<p><img src="//relias.innocraft.cloud/piwik.php?idsite=2&amp;rec=1" style="border:0;" alt=""> Suicide and Stigma: Isn’t it Time for a Shift in Mindset?
By | June 13, 2018

In light of the publicized suicides of Kate Spade and Anthony Bourdain, I want to focus on the important issue of suicide and how we can continue to help those with behavioral health conditions receive the treatment, understanding and attention that those with physical health conditions receive. Following these celebrity suicides,

“A staggering 75% of those who need help do not seek it because of the stigma.”

The topic of stigma and how it impacts the ability of people to get help was previously highlighted by NFL player Brandon Marshall. He brought up the analogy of how mental health treatment is where Cancer or HIV treatment were 30-40 years ago. People wouldn’t openly discuss their illness, calling it “the big C,” or getting HIV treatment anonymously and without using health insurance for fear of blame or judgement. 

When someone struggling with addiction relapses, or someone with severe depression attempts suicide again, we often see it as a fault with the individual. We hear things like, “Why didn’t they stick with treatment and avoid these relapses?” Well, try to imagine if someone who was treated for cancer is having a relapse, goes to get help and is told, “Sorry, we already treated your cancer. If it’s back again, not our fault, we won’t give you chemo again.” It would be unthinkable, right?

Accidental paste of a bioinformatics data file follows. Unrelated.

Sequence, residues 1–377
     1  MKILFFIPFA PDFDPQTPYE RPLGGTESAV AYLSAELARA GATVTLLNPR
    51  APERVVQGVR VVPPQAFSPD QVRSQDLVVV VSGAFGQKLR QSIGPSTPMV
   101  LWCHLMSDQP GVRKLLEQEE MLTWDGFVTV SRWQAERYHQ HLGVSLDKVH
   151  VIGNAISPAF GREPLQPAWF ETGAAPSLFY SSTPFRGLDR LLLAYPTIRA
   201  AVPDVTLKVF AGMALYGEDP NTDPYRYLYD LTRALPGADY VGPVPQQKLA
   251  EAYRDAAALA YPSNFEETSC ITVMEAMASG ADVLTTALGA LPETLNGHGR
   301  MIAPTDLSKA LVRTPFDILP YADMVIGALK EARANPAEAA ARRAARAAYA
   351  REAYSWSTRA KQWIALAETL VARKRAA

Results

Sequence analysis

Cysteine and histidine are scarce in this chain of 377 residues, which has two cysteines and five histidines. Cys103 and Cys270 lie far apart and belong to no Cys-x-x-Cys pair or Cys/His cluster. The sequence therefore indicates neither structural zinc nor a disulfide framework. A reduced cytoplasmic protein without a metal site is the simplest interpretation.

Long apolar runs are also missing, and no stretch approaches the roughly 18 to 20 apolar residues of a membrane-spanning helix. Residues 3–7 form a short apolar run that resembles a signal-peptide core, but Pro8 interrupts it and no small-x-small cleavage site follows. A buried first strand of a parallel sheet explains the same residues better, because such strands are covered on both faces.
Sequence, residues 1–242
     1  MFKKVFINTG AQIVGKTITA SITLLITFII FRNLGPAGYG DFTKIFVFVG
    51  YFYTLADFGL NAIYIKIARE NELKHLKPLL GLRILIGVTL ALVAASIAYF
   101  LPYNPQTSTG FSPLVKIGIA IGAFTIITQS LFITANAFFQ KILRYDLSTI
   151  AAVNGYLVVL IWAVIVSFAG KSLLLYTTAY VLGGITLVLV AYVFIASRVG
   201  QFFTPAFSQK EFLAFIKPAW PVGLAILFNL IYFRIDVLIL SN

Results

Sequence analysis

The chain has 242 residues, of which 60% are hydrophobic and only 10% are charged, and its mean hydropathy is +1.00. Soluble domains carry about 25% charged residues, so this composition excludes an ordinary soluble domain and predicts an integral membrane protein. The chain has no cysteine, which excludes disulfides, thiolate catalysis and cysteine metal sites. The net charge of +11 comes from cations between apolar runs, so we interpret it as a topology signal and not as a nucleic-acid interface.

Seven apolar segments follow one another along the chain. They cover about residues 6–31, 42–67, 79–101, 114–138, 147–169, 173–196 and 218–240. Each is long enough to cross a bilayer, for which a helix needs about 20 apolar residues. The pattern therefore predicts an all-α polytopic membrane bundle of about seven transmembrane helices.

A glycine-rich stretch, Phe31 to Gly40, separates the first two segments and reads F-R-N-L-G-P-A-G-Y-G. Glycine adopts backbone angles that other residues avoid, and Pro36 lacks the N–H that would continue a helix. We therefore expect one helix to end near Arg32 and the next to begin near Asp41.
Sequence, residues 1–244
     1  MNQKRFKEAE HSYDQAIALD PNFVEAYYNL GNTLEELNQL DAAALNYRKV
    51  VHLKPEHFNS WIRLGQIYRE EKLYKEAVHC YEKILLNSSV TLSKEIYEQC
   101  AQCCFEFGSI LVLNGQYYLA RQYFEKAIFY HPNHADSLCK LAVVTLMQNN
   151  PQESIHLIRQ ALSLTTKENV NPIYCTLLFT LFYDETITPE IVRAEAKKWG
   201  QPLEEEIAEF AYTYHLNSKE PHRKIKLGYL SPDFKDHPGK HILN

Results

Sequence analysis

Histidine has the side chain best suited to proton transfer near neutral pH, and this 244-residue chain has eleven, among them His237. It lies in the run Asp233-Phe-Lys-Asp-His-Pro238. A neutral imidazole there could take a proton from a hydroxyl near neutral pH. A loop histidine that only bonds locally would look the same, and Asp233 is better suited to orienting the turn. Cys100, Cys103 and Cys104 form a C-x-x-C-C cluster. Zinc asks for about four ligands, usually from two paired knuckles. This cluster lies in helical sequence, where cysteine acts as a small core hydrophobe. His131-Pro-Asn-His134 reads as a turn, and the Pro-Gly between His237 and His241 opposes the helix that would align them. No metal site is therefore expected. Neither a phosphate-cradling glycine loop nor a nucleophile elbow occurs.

Yet this attitude is exactly how many feel about addiction and other mental health issues that are difficult to treat. That somehow failing to stay sober or stay non-suicidal is a failing of the individual and not a symptom of very severe and fatal diseases.

The Harsh Reality: The Numbers

According to the CDC and the American Foundation for Suicide Prevention (AFSP),

  • Suicide is the 10th leading cause of death in the United States
  • In persons aged 15-34, it is the second leading cause of death
  • In 2016, nearly 45,000 lives were lost to suicide in the Unites States

Even more shocking than the above, the suicide rate has increased 30% from 1999 to 2016, so when we say that suicide is a public health issue, it is a gross understatement.

“…the suicide rate has increased 30% from 1999 to 2016”

Despite these numbers, people are reluctant to talk about mental health issues, suffering alone in silence while family members and friends often aren’t sure how to help. We live in a society that still struggles to openly and honestly talk about mental health issues the same way we discuss physical health issues. A study published in Dec 2016 found that, worldwide, the majority of those living with depression do not seek help. And, in some countries, only one in 27 people receive “minimally adequate care for their condition.”